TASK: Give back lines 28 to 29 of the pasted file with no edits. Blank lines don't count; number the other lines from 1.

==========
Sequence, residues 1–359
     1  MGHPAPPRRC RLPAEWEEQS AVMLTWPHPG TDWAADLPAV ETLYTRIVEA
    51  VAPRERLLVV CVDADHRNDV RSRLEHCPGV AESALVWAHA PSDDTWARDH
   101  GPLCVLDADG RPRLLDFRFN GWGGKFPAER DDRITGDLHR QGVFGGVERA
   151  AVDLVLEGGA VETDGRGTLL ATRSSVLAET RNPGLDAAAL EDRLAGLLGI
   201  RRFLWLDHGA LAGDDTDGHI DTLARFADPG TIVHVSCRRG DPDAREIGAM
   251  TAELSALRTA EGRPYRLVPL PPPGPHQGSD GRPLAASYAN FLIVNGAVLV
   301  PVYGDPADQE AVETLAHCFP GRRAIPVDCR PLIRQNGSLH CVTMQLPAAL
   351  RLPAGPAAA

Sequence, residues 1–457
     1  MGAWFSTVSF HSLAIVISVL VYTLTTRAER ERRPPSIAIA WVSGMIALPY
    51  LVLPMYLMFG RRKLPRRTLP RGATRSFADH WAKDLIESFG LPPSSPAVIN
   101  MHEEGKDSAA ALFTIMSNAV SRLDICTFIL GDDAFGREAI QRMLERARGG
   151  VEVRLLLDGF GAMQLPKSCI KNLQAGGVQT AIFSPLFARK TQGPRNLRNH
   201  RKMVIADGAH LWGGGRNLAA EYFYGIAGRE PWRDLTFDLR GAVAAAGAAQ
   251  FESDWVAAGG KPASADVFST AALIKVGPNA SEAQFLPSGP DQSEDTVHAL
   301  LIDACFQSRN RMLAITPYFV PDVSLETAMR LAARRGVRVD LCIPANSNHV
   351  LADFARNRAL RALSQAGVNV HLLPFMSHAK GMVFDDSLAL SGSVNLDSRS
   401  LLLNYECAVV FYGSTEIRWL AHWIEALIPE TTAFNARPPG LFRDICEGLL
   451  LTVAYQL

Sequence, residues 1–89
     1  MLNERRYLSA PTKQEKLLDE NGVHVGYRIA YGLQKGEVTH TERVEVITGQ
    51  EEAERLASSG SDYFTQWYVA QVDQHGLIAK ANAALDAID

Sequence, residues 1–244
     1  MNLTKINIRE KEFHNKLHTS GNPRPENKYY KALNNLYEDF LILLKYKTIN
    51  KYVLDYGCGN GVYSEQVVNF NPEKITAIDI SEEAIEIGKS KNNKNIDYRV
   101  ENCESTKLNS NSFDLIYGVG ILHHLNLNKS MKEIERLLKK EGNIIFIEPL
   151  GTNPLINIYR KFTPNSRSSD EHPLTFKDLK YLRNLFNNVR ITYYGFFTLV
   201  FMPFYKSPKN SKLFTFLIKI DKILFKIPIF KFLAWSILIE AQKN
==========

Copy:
   151  GTNPLINIYR KFTPNSRSSD EHPLTFKDLK YLRNLFNNVR ITYYGFFTLV
   201  FMPFYKSPKN SKLFTFLIKI DKILFKIPIF KFLAWSILIE AQKN